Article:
On Wednesday 12 September at 6.35 in the morning, Dr Palmer Bessey began cutting open patients. They had been so badly burned that up to eight gallons of saline fluid had to be pumped into each, putting intense pressure on the lungs. The surgery was the only way they could breathe.
"All the guts fall open. It is very unpleasant and we normally have to do it very, very rarely," he said. "But that day I had to do four, one after the other. They would have died otherwise."
Whether many will survive in any event is open to doubt. The burns unit at the Cornell University Medical Center received the very worst of those who had fallen victim to the inferno of Twin Towers. Burns of more than 15 per cent of the body's skin are categorised as severe, and here they were getting cases of 70 per cent to 85 per cent.
There was one man who came with 100 per cent burns. He died soon afterwards. But since then the unit had lost just one other patient. Twenty three others have been saved, for the time being.
The William Randolph Hearst Burns Center, to give its full title, is recognised as foremost in its field in the Western world. But there was no way staff could have been prepared for what happened the morning of Tuesday, 11 September.
"It was an awful, awful thing. Not just the medical aspect, but the emotional one as well. We knew people who were in there. It was unbelievable. How could anyone do such a thing?" Dr Bessey shook his head.
The Medical Center is 100 blocks from what is now called Ground Zero. "Frankly, we were expecting more patients," said Dr Bessey, 57-year-old associate director of the Center. "They did not come – that was the most awful thing. We realised just how many must be missing."
Since then the doctor has been working around the clock, with only three hours sleep a night. The fact that he and his colleagues have managed to keep so many of the victims alive has been described as miraculous.
Standing in the corridor of the unit, a slim, silver-haired figure, tiredness engraved on his face, Dr Bessey is careful not to raise hopes. "What we have here is as bad as it gets," he said. "We can only do our best..." He raised his palms.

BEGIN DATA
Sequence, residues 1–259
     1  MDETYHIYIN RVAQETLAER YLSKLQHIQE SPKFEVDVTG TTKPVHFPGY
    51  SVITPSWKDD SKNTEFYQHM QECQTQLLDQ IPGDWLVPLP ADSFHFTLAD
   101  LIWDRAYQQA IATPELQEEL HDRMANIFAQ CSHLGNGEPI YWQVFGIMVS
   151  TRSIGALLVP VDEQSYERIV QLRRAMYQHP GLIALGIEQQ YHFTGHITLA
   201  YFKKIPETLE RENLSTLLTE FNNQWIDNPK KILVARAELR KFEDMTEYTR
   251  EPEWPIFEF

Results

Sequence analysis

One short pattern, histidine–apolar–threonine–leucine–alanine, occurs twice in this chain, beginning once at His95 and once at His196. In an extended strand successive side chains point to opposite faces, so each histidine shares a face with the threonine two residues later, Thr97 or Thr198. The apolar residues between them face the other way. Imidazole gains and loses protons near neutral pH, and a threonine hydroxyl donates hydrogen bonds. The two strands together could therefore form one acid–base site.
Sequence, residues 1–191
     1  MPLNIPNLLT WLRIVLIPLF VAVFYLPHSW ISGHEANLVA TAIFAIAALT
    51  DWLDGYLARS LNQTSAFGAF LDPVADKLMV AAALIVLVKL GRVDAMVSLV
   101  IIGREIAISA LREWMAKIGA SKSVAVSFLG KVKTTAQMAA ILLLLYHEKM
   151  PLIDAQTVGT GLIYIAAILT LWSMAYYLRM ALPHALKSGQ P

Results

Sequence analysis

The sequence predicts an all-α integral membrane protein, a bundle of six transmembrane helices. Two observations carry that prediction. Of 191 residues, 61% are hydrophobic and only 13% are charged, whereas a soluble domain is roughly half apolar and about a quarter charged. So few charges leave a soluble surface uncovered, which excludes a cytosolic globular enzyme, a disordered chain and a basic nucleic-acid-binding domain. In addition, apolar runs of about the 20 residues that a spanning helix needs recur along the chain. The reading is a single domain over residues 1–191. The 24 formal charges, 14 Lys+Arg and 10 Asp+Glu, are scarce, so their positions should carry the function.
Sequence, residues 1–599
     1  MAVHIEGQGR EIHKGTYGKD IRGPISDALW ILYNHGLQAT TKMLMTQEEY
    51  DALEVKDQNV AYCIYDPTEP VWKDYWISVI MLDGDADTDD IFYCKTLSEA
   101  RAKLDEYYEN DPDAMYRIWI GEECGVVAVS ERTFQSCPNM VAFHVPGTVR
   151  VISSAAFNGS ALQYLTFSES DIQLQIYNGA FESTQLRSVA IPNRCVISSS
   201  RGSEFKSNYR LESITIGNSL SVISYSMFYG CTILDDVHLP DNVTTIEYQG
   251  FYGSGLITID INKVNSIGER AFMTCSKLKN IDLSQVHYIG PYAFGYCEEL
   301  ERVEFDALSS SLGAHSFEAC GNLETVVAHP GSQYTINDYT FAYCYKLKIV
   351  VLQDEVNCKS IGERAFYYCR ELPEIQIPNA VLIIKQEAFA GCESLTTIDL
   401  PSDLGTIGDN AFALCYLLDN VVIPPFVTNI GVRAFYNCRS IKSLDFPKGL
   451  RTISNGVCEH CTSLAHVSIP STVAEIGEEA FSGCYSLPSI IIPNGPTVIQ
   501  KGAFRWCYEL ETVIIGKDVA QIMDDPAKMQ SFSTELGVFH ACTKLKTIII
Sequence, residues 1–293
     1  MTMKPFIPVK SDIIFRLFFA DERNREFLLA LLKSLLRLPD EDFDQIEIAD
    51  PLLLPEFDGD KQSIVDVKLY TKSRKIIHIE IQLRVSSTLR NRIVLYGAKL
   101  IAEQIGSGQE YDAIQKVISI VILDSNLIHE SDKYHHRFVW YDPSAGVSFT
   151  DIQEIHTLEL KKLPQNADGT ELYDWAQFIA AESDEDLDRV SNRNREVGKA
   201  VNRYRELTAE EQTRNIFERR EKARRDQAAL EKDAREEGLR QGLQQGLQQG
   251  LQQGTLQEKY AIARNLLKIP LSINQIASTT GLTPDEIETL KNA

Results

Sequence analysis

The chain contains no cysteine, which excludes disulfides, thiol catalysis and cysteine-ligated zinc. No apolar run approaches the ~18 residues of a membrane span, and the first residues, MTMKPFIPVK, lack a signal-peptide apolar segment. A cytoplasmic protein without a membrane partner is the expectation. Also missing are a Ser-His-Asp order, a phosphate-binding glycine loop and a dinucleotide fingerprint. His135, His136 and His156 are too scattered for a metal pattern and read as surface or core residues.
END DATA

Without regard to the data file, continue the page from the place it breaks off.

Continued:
Around him are the cubicles where the patients lie. Each door has taped to it a piece of paper bearing sketches of the front and back view of a human body, with the burnt areas shaded. The amount of shading varied. One woman's chart showed 82.5 per cent. Everywhere but her chest, one thigh and the front of the pelvic area were shaded. There were other shades on other diagrams. The only constant figure was the date of the admissions – "11/9".
The cubicles were whitewashed, bright, with dashes of colour from framed prints on the walls. There were televisions and the New York skyline loomed through the large, spotlessly clean windows. One looked at all those things, not really wanting to look at the figures who were lying on the beds. Once one did, there was a glimpse of just how utterly terrible their experience must have been. One of the patients raised his heavily bandaged hand in greeting. A visitor sitting beside the bed – a young woman – perhaps his wife, looked up and smiled.
"It does not matter how long I am a doctor, the human spirit never ceases to uplift me," said Dr Bessey. "The injuries I saw were pretty awful. A lot of them had bad bruising to their chests. That was caused by the sheer force of the explosion, it was as if they were hit very hard with a heavy weapon. There were others who did not appear to have any signs of burns. Then you saw that what had happened was the heat was so intense it had melted synthetic clothing on to their bodies. There was one woman badly burned on the thighs and buttocks from her stockings. There are about twice as many women casualties here than men."